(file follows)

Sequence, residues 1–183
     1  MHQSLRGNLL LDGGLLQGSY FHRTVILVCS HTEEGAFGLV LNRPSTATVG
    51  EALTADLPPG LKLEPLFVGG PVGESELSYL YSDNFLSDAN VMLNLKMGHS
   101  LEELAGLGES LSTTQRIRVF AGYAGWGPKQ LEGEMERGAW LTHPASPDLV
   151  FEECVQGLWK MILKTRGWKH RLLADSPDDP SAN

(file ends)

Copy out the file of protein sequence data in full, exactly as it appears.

Sequence, residues 1–183
     1  MHQSLRGNLL LDGGLLQGSY FHRTVILVCS HTEEGAFGLV LNRPSTATVG
    51  EALTADLPPG LKLEPLFVGG PVGESELSYL YSDNFLSDAN VMLNLKMGHS
   101  LEELAGLGES LSTTQRIRVF AGYAGWGPKQ LEGEMERGAW LTHPASPDLV
   151  FEECVQGLWK MILKTRGWKH RLLADSPDDP SAN